Under the U.S. Constitution and Title VII of the U.S. Code, racial discrimination is illegal in Michigan. Employers are barred according to theses laws from using race as a basis for hiring, recruitment, setting wage levels, or granting promotions.
What Must Be Proven in a Discrimination Claim?
The Equal Employment Opportunity Commission (EEOC) is the federal agency in charge of investigating workplace discrimination, and employees discriminated against must file a claim with the EEOC before taking the issue to court. To prove racial discrimination, an employer must treat an employee adversely than co-workers who are of a different race or nationality.
To be able to prove a claim of racial discrimination, the Jackson County plaintiff also needs to prove that the employer had an intent to discriminate, and that the discriminatory action was based on race. The required intent may be shown by evidence that the employer rendered preferential treatment to workers who are of a different race or nationality than the plaintiff.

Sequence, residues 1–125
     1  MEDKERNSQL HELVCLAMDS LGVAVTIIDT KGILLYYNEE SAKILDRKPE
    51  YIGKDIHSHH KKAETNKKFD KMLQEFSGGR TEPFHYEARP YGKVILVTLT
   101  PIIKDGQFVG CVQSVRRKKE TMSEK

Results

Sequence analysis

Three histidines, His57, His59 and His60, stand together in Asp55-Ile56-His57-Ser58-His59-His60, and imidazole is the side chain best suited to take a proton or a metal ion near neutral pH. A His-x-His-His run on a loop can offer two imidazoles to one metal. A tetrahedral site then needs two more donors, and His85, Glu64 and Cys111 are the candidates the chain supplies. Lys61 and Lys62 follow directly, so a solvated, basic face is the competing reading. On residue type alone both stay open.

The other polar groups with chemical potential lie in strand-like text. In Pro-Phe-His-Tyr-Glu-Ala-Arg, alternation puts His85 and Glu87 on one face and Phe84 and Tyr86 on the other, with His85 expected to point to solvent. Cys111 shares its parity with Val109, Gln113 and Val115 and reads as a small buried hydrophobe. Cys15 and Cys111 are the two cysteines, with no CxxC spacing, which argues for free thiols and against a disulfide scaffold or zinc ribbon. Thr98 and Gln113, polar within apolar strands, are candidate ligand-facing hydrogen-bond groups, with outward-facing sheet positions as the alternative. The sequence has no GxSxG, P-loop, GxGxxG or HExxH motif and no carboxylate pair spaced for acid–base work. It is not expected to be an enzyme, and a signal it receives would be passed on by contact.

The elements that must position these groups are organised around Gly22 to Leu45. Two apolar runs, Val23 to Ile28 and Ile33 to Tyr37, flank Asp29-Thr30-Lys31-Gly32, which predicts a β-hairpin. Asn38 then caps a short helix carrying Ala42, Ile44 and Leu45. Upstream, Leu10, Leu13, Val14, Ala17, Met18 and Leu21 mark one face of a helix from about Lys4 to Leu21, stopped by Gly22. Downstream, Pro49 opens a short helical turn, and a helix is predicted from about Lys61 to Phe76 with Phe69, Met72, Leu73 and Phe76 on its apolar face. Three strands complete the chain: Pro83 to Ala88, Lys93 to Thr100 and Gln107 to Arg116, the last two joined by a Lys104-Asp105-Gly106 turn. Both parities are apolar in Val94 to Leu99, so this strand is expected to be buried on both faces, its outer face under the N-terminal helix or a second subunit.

How Can a Jackson County Lawyer Help with My Claim?
In some instances, intent to discriminate may also be established by using recorded statements by the employer regarding racial issues. Procedural laws in this area of litigation differentiate considerably depending on where you file your claim, and a local Jackson County lawyer will be familiar with requirements in your area. A good Michigan attorney will also be able to assist you should you decide to file with the EEOC, and they can guide you towards other potential remedies while your case is pending.